Winter is always a dangerous time for pressure washers. It doesn’t take long in sub-freezing temperatures for the water in a pressure washer to freeze or at the very least, freeze up just enough to cause significant damage. Even small amounts of ice crystals can wreak havoc with the valves and packing of the pump. A complete freeze can cause pipes to rupture and even crack the un-loader or pump head. A good pressure washer can be a significant investment. Therefore, Every precaution ought to be taken so as to avoid your pressure washer freezing up during the cold weather season.
Winterizing Your Pressure Washer
The obvious freeze prevention is to always keep your pressure washer stored in an above freezing space throughout the winter months. However, for many reasons, this is just not always possible. Fortunately, there are other steps you can take to protect your pressure washer from sub freezing temperatures. Before I share the most effective methods to be utilized, let me eliminate one common attempt that just doesn’t work. Attempting to drain the water from your unit or even using compressed air to blow the water out of your unit is not a reliable way to protect your pressure washer from freezing. It is just impossible to get all the water out of a pressure washer this way. There are far too many places that water can get trapped in the system. Worse still is that even droplets of water can crystallize in sub freezing temperatures and cause significant damage. This method is to be avoided at all costs.
The most effective method of freeze protection is to pump an antifreeze that is rated enough below zero degrees for your particular winter climate throughout the entire system of your pressure washer. Many pressure washer owners try to skimp here in an attempt to save money and use a low grade antifreeze, such a window washing fluid, only to find out that it is not strong enough to prevent freezing in continued freezing temperatures. This can be a costly mistake and not worth the few extra dollars for a quality antifreeze. Therefore a quality automobile or camper antifreeze is the best choice for this application.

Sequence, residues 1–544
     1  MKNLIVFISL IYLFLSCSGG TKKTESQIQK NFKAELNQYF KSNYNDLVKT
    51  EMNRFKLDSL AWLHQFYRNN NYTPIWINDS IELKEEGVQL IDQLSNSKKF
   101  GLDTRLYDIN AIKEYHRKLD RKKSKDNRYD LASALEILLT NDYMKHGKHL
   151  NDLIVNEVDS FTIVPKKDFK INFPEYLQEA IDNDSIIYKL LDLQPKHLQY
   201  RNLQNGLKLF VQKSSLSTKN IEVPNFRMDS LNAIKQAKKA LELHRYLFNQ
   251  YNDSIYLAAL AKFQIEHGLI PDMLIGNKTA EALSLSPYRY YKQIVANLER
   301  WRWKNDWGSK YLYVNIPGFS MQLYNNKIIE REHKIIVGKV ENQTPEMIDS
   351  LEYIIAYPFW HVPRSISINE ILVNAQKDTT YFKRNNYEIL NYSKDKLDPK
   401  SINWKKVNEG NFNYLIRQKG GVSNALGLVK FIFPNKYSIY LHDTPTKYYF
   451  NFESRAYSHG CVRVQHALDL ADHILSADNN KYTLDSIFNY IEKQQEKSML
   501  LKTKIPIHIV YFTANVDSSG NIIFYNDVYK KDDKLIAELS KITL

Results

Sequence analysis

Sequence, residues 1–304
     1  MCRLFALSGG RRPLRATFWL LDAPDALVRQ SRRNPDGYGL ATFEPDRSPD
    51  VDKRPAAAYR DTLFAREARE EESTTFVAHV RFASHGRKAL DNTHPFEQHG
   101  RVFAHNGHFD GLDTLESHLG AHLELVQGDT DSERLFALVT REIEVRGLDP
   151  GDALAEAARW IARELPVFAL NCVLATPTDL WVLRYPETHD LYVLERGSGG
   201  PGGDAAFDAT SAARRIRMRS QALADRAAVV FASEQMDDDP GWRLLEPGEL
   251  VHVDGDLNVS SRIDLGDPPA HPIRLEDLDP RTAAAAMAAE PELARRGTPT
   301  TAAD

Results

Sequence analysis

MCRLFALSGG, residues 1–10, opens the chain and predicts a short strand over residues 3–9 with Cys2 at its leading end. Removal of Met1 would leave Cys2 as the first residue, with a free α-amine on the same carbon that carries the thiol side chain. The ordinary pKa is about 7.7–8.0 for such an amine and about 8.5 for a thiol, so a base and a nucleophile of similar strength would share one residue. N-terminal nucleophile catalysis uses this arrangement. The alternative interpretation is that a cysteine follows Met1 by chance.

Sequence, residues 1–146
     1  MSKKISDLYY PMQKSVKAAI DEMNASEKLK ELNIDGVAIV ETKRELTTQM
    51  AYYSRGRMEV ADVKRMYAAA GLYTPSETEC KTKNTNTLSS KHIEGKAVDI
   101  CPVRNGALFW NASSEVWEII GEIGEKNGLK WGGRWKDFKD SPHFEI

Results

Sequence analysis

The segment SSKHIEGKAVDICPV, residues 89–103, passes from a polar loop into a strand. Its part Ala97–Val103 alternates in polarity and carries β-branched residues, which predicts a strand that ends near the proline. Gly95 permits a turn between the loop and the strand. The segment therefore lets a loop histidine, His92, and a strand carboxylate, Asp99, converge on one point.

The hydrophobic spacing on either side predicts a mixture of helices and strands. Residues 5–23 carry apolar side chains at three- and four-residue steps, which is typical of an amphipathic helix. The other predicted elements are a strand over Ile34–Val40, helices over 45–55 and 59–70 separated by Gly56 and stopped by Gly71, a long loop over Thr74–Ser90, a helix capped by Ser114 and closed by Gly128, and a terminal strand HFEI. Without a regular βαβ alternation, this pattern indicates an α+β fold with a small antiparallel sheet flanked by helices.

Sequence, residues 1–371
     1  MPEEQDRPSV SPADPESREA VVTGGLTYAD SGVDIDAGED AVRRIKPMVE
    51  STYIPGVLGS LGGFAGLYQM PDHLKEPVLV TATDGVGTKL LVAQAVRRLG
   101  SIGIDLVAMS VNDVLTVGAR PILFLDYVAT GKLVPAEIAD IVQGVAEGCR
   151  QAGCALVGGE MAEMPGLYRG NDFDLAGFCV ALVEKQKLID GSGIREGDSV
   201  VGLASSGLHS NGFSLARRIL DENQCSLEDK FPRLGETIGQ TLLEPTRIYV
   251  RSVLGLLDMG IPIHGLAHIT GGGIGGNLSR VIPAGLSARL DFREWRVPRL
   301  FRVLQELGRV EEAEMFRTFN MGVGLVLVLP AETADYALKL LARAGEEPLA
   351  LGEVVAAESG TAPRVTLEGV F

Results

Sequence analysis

Getting the antifreeze into your pressure washer can be sometimes tricky. If you have a unit that uses a float tank from which it draws its inlet water, the process is relatively simple. With the nozzle out of the pressure line (at the lowest pressure possible) and the water feed disconnected from the float tank, run the pressure washer by continually filling the float tank with a high quality anti freeze. When you begin to see the anti freeze color clearly coming out the very end of your pressure line, the entire system is now protected against a freeze up.
If you don’t have a float tank, you can use a garden hose pump to accomplish the same results by pumping the antifreeze through the system. The unit need not be running for this to be done. As long as you are clearly seeing the antifreeze coming out the furthest end of the system, the unit is protected to the ability of the antifreeze you used to protect against a freeze up. If you don’t have a garden hose pump, you can make a float tank or water feeder tank out of an empty five-gallon bucket. Simply use a short length of garden hose, no more than 3 foot long, and while lifting the bucket above the pump, create a siphon to feed the running unit the antifreeze in the bucket. If you follow the instructions given for the float tank above, you should be able to get antifreeze through your entire pressure washer system. A more permanent, gravity flow tank can be made by putting a through hull fitting at the bottom of the pail. Simply attach a three foot garden hose connection to the through hull fitting and you have a solution that is less messy and can be used many times over. I hope this has been helpful for protecting your pressure washer throughout the winter months. From pressure washers in Cape Cod to wherever you are pressure washing, stay warm and happy cleaning!